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New college is ray of hope for teens who struggle with academia

Mirror image: Neil Axe, right, and Graham Cadle of the CIC UK Training College based above Lynx Gym in Rabans Close, Aylesbury

Mirror image: Neil Axe, right, and Graham Cadle of the CIC UK Training College based above Lynx Gym in Rabans Close, Aylesbury

Two teachers who launched an award-winning youth programme for troubled teenagers are branching out to help youngsters who struggle with mainstream school.

Neil Axe and Graham Cadle came up with the 12-week MASK course in 2011 – it went on to win the Pride of Aylesbury awards the following year – but now they have launched the CIC UK Training College just in time for the new term in September.

The Cultural Intelligence Consultancy UK works with 14 to 19 year olds who don’t get on well in a normal classroom environment, and offers a variety of NCFE-accredited courses in maths, English, personal and social development, employment skills and more.

The students enrol on a year-long 540-hour course which sees them spend three days at the CIC UK freestyle academy in Rabans Close, Aylesbury, while still going to school and doing work experience elsewhere.

As Neil has 45 years experience in martial arts, all courses taught have a martial art element, and the pair believe there is nothing like it on offer anywhere in the country.

Neil, who turned his life around after being sucked in by gang culture, said: “We use the martial arts as a hook, and it then helps them relate to maths and English better.

“Say we’re in class – we get them to put a value on the punches and kicks, so that when they do their sums later, they can think back and remember.”

Graham, who lives in Broughton, said the course has enjoyed much success: “We started off as an intervention for kids behaving poorly in schools with the MASK programme, but now we’re crystallizing our approach to help those students who aren’t neccessarily troubled, but they’re not your straight A students and they might not cope well in a class of 29 other kids.”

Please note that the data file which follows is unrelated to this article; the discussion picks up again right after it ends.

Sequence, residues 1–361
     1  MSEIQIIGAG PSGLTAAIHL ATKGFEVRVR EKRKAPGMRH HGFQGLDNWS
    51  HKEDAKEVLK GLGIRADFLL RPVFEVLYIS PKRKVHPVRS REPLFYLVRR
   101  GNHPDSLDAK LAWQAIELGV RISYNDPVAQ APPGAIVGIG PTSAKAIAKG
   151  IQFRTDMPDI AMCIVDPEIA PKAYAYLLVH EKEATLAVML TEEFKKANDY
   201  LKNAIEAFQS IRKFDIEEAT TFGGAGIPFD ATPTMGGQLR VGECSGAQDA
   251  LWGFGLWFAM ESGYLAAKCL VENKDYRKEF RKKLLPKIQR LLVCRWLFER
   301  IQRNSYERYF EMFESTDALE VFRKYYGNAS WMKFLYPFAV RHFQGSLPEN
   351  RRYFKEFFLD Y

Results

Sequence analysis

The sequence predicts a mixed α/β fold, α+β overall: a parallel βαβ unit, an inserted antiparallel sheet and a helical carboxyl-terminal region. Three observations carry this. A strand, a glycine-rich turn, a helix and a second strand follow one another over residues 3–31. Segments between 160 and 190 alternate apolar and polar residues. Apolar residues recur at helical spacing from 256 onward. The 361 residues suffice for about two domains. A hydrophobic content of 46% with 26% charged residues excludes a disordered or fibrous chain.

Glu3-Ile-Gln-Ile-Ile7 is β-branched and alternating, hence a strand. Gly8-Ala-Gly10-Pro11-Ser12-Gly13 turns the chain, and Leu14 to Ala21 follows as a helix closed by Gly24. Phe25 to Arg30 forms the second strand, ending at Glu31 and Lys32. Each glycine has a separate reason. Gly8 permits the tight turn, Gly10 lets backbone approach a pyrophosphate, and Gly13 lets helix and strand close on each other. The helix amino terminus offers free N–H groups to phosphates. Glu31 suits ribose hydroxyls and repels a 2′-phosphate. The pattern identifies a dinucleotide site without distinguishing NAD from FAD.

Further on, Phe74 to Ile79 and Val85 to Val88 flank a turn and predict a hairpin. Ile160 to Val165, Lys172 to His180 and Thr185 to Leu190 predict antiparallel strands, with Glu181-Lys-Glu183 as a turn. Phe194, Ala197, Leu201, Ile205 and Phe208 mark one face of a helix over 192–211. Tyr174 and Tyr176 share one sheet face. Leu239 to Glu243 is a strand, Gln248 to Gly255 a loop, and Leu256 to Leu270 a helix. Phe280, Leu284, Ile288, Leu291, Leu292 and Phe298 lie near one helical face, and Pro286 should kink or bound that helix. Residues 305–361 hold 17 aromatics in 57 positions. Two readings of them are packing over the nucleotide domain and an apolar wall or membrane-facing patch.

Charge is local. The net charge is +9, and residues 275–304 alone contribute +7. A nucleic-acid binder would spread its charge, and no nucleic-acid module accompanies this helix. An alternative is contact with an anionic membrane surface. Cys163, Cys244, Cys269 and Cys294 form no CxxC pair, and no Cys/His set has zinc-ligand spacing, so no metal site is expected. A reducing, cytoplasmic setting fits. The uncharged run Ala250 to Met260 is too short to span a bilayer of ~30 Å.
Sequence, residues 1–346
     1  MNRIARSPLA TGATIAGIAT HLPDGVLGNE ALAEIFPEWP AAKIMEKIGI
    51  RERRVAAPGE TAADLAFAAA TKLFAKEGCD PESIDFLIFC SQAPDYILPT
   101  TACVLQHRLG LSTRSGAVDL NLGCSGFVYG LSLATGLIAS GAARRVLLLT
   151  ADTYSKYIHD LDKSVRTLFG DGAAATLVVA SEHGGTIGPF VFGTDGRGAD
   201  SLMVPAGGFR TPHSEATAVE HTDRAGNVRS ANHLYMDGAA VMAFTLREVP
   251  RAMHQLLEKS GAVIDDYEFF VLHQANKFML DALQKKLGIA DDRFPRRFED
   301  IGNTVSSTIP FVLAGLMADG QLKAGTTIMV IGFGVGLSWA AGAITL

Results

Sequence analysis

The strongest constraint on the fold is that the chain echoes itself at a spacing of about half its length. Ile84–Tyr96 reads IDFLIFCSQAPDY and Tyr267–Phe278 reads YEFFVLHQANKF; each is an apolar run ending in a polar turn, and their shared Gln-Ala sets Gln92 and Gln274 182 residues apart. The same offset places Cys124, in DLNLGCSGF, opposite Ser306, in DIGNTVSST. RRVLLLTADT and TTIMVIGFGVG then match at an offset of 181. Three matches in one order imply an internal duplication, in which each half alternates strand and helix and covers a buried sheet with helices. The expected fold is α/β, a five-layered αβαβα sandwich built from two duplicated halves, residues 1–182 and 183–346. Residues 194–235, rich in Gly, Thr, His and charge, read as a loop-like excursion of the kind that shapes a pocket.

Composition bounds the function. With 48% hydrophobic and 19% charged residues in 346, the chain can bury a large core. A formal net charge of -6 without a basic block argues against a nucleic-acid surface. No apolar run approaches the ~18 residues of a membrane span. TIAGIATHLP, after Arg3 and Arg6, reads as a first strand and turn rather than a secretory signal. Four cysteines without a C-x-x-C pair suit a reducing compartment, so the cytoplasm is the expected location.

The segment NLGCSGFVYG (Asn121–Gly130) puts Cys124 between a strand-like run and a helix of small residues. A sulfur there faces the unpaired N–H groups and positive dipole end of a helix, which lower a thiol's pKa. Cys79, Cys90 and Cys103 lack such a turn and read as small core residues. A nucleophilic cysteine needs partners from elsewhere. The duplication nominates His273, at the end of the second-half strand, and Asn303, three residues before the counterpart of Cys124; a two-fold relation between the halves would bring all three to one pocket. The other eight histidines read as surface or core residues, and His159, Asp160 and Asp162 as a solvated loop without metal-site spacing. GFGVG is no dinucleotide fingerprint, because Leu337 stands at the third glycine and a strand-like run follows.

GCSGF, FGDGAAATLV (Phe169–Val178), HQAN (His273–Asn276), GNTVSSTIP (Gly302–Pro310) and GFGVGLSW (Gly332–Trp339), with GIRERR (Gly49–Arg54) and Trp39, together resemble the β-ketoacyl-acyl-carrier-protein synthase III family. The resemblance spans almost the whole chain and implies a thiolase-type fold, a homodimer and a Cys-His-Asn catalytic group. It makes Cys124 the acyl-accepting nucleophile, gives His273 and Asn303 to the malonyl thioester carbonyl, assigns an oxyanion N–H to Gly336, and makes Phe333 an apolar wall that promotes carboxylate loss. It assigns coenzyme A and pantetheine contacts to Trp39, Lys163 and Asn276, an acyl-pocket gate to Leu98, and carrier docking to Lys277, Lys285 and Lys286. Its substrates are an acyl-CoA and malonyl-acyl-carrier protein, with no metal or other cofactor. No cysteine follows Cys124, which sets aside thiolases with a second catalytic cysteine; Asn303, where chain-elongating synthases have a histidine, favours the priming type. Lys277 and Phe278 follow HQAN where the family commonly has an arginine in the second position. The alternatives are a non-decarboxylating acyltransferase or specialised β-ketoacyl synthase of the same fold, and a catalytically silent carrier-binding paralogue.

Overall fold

The pair work with small class numbers of no more than 12 youngsters, and guide them through the course before they take part in an official ‘passing out’ ceremony.

But despite being highly praised and getting hugely positive feedback – including from Aylesbury MP David Lidington – funding remains a sticking point.

Graham applied for £1.2m worth of grants last year, but was awarded just £2,000 by Aylesbury Town Council.

He said: “We were really grateful, but to put it into perspective – it costs £24,000 to put on one MASK course.”

Graham, who has been friends with Neil for 35 years, is now working to convince schools to allocate part of their Pupil Premium funding to to invest in the motivational courses they have on offer.

Neil and Graham are in talks with Aylesbury College, and hope to form partnerships with schools including Aylesbury Vale Academy, The Grange and Mandeville School in the future.

The pair will still be running MASK, but in the form of a truncated six-week course over the summer holidays.

For more information, call Graham on 07791 720646 or visit the website here.

 

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